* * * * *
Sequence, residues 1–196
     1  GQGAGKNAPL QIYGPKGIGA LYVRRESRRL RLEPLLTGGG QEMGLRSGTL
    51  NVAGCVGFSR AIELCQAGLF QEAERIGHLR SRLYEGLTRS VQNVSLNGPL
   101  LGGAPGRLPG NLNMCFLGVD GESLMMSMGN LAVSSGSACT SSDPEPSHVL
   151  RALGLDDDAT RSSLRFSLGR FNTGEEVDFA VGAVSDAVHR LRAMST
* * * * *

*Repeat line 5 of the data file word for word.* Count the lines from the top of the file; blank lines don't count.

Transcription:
   151  RALGLDDDAT RSSLRFSLGR FNTGEEVDFA VGAVSDAVHR LRAMST